In 2016, pursuant to Section 15F of the Securities Exchange Act of 1934 (Exchange Act), the Commission adopted final rules imposing business conduct standards (the SEC’s Business Conduct Rules) for security-based swap dealers (SBS Dealers) and major security-based swap participants (Major SBS Participants and, together with SBS Dealers, SBS Entities).[3]As noted in the Commission’s Adopting Release, the Commission endeavored to harmonize its rules with analogous CFTC requirements where possible to create efficiencies for entities that have already established infrastructure for compliance with analogous CFTC requirements.[4]In certain instances, however, the Commission’s requirements, and the associated representations that would be required under standardized counterparty relationship documentation, diverge from those of the analogous CFTC requirements, which are reflected in existing standardized counterparty relationship documentation. Market participants have expressed concerns about practical compliance difficulties presented by certain of these differences.    

The Commission is mindful of the time and costs that may be associated with a documentation initiative that would be undertaken solely to address the SEC’s Business Conduct Rules. Therefore, to minimize potential market disruptions to existing counterparty relationships resulting solely from documentation implementation issues (upon their compliance date when compliance will first be required), for a limited time period, the statement provides that certain actions with respect to specific provisions of the SEC’s Business Conduct Rules will not provide a basis for a Commission enforcement action.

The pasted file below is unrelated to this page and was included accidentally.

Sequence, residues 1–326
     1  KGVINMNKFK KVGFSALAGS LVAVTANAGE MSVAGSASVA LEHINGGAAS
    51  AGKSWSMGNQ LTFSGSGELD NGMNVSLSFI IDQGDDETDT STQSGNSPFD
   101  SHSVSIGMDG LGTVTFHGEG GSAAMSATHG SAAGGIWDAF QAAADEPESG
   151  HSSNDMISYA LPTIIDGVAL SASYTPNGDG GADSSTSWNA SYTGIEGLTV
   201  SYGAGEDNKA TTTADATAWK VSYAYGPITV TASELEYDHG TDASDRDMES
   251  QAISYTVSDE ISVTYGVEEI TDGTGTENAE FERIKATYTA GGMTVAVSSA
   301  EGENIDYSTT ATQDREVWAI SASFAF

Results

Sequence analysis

To the extent there are additional differences between the CFTC’s Business Conduct Rules and the SEC’s Business Conduct Rules that otherwise present documentation implementation difficulties that could result in potential for market disruption, the Commission encourages market participants to provide that information to the Commission.

Highlights

Time limitation. The Statement applies only until five years after the compliance date for SBS Entity Registration rules.

Affected Rule Provisions. The Statement addresses certain requirements in the SEC’s Business Conduct Rules. These requirements fall into three broad categories, two regarding “special entities,” and one applying to written representations generally:

  • The mechanism by which non-ERISA employee benefit plans may elect to be treated as a “special entity” by SBS Entities, a status that entitles the entity to heightened protections
  • Certain written representations that are required to be exchanged by and among SBS Entities, counterparties, and, as applicable, qualified independent representatives of some special entities  
  • Written representations from a counterparty or representative that were previously provided to an SBS Dealer in relation to swaps if the SBS Dealer is not aware of information that would cause a reasonable person to question the accuracy of the representation if the representation were given in relation to security-based swaps

 


[1]           Business Conduct Standards for Swap Dealers and Major Swap Participants with Counterparties, 77 FR 9734 (Feb. 17, 2012).

[2]           See International Swaps and Derivatives Association, Inc. (“ISDA”) DF Protocol, List of Adhering Parties, available athttps://www.isda.org/protocol/isda-august-2012-df-protocol/adhering-parties.

[3]           Business Conduct Standards for Security-Based Swap Dealers and Major Security-Based Swap Participants, 81 FR 29960 (May 13, 2016) (“Adopting Release”). Although the rules are now effective, the Commission determined not to require compliance with them until entities are required to register as SBS Dealers or Major SBS Participants. See id. at 30081.

[4]           Id. at 29964.